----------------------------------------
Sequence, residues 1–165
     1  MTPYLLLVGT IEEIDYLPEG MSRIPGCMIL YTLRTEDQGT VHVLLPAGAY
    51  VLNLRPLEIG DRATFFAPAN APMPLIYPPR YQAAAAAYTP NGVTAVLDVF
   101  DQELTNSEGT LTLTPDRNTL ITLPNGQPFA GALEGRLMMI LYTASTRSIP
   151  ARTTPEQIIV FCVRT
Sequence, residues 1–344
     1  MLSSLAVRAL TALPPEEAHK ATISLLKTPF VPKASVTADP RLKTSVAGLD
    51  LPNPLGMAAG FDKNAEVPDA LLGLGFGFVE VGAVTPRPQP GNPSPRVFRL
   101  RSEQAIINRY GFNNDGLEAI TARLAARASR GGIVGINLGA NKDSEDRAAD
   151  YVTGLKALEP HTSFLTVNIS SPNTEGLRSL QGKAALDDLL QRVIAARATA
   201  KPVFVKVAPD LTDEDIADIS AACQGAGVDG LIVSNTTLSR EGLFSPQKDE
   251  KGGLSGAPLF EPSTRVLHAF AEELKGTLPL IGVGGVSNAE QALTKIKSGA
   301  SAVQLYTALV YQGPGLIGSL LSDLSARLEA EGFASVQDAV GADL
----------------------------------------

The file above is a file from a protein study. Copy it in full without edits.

Sequence, residues 1–165
     1  MTPYLLLVGT IEEIDYLPEG MSRIPGCMIL YTLRTEDQGT VHVLLPAGAY
    51  VLNLRPLEIG DRATFFAPAN APMPLIYPPR YQAAAAAYTP NGVTAVLDVF
   101  DQELTNSEGT LTLTPDRNTL ITLPNGQPFA GALEGRLMMI LYTASTRSIP
   151  ARTTPEQIIV FCVRT
Sequence, residues 1–344
     1  MLSSLAVRAL TALPPEEAHK ATISLLKTPF VPKASVTADP RLKTSVAGLD
    51  LPNPLGMAAG FDKNAEVPDA LLGLGFGFVE VGAVTPRPQP GNPSPRVFRL
   101  RSEQAIINRY GFNNDGLEAI TARLAARASR GGIVGINLGA NKDSEDRAAD
   151  YVTGLKALEP HTSFLTVNIS SPNTEGLRSL QGKAALDDLL QRVIAARATA
   201  KPVFVKVAPD LTDEDIADIS AACQGAGVDG LIVSNTTLSR EGLFSPQKDE
   251  KGGLSGAPLF EPSTRVLHAF AEELKGTLPL IGVGGVSNAE QALTKIKSGA
   301  SAVQLYTALV YQGPGLIGSL LSDLSARLEA EGFASVQDAV GADL